6th June 2022
Horse-rider, racing driver, HGV expert and transport consultant: Sami Bowler throws out the stereotypes
Sami Bowler is a 30-year-old External Transport Manager from Cheshire and has been involved in the family haulage business since she was tiny, living on a farm surrounded by wagons, farm equipment and heavy machinery.
Growing up in Stockport, Sami has come from a background of sport at the highest level. After successfully representing Great Britain in both Horse Riding and Cheerleading, Sami is no stranger to competition.
With a fierce desire to win and an upbringing surrounded by engines it was only natural that Sami made the decision to add motorsports to her growing list of accomplishments.
Sami passed her car driving test aged 17 then immediately took her advanced driving test. She moved on to an HGV Class 2 licence at 18, allowing her to drive a rigid vehicle up to 32 tonnes, so she could take her horses to shows.
Over the last 10 years, she has worked her way up the ladder, passing HGV class 1 allowing her to drive an articulated lorry over 32 tonnes, and learning every job role from Accounts Manager to Abnormal Load Officer to HGV STGO * Driver and finally, Transport Manager and Director.
During the Covid19 pandemic, the family business furloughed most of its drivers, so she was driving every day as well as running the day-to-day admin.
At that point, she had a race car and was running a race team – as well as managing her horses – and realised she enjoyed the transport manager work more.
“I actually love the paperwork, putting systems in place, and helping train others to do better,” she says. In October last year, she stepped back on the family business and took the decision to operate her own business as a sole trader offering transport manager services to other companies.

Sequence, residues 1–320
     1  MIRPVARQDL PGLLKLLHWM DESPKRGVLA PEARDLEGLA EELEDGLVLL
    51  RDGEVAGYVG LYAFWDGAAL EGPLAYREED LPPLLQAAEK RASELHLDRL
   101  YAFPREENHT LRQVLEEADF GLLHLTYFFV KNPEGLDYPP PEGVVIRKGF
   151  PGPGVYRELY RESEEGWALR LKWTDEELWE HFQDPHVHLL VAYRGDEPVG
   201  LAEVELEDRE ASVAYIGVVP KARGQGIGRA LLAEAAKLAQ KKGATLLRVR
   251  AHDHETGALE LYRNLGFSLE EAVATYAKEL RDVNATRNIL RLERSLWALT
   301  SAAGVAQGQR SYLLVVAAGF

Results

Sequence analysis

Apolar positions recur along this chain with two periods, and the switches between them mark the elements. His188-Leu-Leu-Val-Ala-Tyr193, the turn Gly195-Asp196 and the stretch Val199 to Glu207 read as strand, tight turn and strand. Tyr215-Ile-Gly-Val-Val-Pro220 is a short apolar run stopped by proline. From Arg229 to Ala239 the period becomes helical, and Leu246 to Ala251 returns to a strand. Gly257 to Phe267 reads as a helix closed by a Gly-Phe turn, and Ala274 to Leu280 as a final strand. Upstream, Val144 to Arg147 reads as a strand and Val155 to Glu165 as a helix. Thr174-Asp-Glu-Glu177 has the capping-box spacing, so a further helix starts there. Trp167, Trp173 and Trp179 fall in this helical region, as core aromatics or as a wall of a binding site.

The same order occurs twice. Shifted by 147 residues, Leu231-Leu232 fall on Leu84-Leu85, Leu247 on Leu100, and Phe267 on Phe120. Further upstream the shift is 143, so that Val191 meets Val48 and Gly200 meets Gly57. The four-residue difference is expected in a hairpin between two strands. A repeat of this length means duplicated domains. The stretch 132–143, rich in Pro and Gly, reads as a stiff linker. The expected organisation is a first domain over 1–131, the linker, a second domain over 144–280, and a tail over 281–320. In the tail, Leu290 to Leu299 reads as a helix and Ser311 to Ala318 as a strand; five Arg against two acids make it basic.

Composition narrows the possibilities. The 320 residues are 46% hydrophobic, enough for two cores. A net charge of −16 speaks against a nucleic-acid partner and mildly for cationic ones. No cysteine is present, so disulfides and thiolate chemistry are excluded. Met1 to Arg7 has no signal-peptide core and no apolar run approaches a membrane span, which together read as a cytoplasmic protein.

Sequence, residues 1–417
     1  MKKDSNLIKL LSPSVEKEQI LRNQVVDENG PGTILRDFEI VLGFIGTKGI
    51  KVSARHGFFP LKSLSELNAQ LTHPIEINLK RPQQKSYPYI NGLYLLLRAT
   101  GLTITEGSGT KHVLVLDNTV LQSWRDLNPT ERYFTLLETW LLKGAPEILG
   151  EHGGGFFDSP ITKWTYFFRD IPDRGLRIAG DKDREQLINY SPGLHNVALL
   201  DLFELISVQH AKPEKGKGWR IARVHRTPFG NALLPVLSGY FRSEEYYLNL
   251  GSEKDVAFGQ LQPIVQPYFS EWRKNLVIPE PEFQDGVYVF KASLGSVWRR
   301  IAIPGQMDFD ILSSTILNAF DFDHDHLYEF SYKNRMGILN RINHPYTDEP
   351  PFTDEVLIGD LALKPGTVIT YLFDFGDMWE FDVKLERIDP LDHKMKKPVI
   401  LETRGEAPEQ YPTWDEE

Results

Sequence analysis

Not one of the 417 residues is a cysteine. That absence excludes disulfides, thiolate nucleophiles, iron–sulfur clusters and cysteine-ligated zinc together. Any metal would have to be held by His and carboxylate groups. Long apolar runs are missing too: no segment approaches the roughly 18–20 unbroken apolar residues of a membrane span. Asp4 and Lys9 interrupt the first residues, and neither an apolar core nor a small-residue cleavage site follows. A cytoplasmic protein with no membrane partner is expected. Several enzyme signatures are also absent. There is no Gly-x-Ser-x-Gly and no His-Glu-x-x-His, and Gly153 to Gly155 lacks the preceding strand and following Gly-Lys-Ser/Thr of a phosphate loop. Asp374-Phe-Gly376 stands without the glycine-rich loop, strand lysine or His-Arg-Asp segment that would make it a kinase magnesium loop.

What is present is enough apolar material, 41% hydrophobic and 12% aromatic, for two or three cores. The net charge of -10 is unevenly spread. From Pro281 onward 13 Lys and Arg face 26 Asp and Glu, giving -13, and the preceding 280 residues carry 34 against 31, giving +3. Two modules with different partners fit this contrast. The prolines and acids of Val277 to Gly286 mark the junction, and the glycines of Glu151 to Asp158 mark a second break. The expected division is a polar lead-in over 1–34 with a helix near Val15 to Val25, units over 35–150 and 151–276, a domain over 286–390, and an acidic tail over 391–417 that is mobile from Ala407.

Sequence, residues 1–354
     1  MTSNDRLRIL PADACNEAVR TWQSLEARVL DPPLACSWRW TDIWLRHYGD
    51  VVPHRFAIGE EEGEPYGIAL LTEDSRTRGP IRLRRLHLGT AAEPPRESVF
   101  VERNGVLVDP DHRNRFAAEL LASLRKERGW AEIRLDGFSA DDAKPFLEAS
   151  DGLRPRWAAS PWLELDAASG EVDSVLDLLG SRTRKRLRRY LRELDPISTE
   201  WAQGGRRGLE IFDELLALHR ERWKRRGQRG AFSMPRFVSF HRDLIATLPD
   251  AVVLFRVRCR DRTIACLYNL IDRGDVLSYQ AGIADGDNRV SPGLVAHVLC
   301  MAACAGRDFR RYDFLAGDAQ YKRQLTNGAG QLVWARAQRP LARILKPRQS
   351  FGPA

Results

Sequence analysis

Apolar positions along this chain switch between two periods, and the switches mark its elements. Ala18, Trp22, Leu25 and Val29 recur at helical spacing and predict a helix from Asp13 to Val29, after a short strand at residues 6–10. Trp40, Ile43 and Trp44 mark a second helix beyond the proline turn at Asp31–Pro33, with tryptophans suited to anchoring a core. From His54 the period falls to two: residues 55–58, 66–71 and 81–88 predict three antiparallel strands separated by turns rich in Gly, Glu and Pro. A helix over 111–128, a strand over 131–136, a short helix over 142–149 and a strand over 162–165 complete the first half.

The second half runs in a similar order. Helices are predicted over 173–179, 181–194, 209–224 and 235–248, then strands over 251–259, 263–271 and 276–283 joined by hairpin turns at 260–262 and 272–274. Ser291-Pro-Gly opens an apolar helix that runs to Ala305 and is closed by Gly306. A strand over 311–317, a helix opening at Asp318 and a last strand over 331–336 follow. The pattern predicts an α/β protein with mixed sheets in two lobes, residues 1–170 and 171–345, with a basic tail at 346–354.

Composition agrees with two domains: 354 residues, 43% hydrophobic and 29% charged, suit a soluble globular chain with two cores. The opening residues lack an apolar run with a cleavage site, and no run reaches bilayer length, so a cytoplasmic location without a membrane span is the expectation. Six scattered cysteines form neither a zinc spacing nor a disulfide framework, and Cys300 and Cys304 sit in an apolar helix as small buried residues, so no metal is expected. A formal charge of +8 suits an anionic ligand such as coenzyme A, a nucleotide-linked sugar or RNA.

What do her clients want?
“Some simply don’t have the staff for anyone to take on the Transport Manager role. Others may have had a roadside encounter with the DVSA or had an MoT failure, and been put on amber. As many transport managers will know, the OCRS (operator compliance risk score) is used to calculate the risk of an operator not following the rules on roadworthiness (the condition of its vehicles) and traffic, for example drivers’ hours or weighing checks. If your OCRS is high, it’s more likely that your vehicles will be inspected.,” she says.
“One client approached me having dropped into the red because they’d had two MoT fails and were due a visit from the DVSA to conduct an audit.”
She helped put the systems in place to make sure they were compliant and could provide evidence of setting goals to get them back to a green rating.
“Some smaller operators don’t fully understand their operator responsibilities and see haulage as a lower priority than their main business, for example an aggregates business that needs to operate HGVs to function.”
Is logistics suitable for women, what can employers do to attract more women into the sector, and what advice would she give to any woman wanting to begin a career like hers?
“Well, it’s not glamorous, so it does put some people off,” she says.
“If there were more training available it would give women more of a confidence boost. Shadowing on the job is a great chance to learn. Knowing your field gives you confidence – and never turn down any opportunity for professional development. The Transport and Logistics Industry is very challenging at times yet incredibly rewarding.”
Sami says that she is new to the Driving for Better Business programme but has started looking through the online resources: “I am really surprised at how user friendly and informative it is. I certainly will be using the tools for Professional Development with my clients and their staff,” she says.
*Special Types General Orders are a set of regulations which allow unusual vehicles such as cranes and abnormal loads to be driven on UK highways